Atari Night Driver Cockpit Restoration

Night driver cockpit


The coin door was another area of mess.  It was complete but a little rusty, thus I brought it to my workbench, took a bunch of pictures, and disassembled.  As an aside, I use ice cube trays for my parts when I’m doing things like this, a trick I learned watching Youtube restoration videos from creators like OddTinkering.

Figure 24: Back of the Coin Door. A little rusty….

Figure 25: Ice cube trays make excellent organizers during rebuilds…

After disassembly, I took all of the metal pieces and soaked them in Evaporust for a day.  I removed the lock (going to replace anyway), cleaned off the main metal piece (the front plate), and decided not to repaint that (it looked relatively fine, and original so far as I can tell).  I also cleaned off the weird, seemingly chromed piece with orange spray cleaner.  Most of it was going pretty well, except….

The Coin Cup

….if you look closely at these old Atari coin doors, you notice that the coin return is based around a small “cup” where the rejected coin sits until taken out.  That original cup is a molded part, and held to the panel with two small screws.  Unfortunately, when I took the original off it started to crack and fall apart in my hand, likely just the result of long-term exposure, fatigue, etc…  Fortunately, I took the part to my local friendly machinist and 3D printing expert, and he was able to scan it, clean that scan up, and print a new one.  The file for that print is here.  Unlike the original, which is partially hollow, the new piece is solid.  We drilled some small holes to allow for the mounting (using self-tapping screws) and mounted it.  I really didn’t have a good official company picture of an original machine with sufficient detail on the coin door to know what the paint should look like, so I left it as-is in gray (the material it was printed with). Another collector sent me this picture as a guide, however:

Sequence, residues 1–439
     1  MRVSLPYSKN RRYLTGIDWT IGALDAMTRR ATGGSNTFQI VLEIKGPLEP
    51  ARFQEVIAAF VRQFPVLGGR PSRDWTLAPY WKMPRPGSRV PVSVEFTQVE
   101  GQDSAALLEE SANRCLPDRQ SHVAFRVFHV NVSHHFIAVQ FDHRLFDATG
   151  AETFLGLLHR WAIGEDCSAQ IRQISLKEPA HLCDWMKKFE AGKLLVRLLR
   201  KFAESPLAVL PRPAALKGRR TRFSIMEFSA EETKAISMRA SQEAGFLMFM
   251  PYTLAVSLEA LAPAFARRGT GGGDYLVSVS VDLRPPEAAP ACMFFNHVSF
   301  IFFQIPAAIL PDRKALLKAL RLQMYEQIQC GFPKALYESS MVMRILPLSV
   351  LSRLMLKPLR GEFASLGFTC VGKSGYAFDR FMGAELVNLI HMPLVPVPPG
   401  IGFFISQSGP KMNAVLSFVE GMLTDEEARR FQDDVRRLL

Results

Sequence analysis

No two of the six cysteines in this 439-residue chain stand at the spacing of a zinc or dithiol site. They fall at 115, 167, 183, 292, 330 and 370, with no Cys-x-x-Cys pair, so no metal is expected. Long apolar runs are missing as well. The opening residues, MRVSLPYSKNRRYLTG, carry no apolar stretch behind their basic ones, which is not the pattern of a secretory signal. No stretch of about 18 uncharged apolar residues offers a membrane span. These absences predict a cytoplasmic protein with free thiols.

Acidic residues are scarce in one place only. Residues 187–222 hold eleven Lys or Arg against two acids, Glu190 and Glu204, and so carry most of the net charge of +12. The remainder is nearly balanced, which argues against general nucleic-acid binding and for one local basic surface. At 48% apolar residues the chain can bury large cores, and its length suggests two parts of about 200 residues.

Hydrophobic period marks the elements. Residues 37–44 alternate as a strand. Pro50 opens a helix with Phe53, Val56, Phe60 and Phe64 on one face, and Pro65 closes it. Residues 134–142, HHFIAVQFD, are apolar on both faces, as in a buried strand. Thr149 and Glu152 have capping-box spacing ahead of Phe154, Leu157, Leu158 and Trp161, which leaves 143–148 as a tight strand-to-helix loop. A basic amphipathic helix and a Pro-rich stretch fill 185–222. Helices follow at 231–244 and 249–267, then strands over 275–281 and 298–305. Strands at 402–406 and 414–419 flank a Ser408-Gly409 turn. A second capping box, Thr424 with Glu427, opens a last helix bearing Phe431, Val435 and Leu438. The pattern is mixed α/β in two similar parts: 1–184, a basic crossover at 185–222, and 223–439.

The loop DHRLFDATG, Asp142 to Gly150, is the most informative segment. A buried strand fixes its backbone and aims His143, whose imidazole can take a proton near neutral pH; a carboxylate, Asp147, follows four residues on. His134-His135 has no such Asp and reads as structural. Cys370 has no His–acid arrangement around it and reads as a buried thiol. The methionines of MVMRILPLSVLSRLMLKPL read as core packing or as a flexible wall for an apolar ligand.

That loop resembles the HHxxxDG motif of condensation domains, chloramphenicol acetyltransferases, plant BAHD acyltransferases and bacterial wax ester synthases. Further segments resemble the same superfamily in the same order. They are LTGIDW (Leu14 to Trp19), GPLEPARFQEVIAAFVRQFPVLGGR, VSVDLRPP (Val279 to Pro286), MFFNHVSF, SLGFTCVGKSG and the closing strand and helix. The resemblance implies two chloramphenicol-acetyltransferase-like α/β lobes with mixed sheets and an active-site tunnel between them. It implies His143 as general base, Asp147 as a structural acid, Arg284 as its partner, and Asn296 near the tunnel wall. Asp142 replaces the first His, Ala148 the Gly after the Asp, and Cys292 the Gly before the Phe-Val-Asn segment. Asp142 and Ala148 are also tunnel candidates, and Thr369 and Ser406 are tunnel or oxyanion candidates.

Figure 26:  Picture of Coin Door, provided by another collector

I put the door back together with the cleaned up parts, and the new coin cup.  I also installed one of the plastic Atari coin mechs from that time, and made a new harness per the Atari manual.  The lock is a new one I picked up from Bob Roberts, where I get all my locks (so they are keyed alike).  I think it turned out pretty well, but if you’ve got better shots of a truly original door, I’d love to see them so I can tweak as necessary!

Coin Door Harnessing

Of course, whatever bit of harness the old door had was garbage, so I made a new one.  Given what was/wasn’t there I created a new schematic for the cockpit coin door harness based on the upright one.  I wired this with some Wirefy crimp connectors, decent stranded wire, a 12 pin Molex female shell and male pins to interconnect with the existing main harness.  And yeah, I grounded the coin door plate, and used an adhesive zip tie tiedown (similar to these) to strain relief the whole thing to the door.

Figure 27: Coin door harness.  The manual version is for the upright (top), and I modded it to reflect just one coin slot for the cockpit (bottom).

Figure 28:  Coin door finished, ready to be installed!

Steering Panel
Pedal Assembly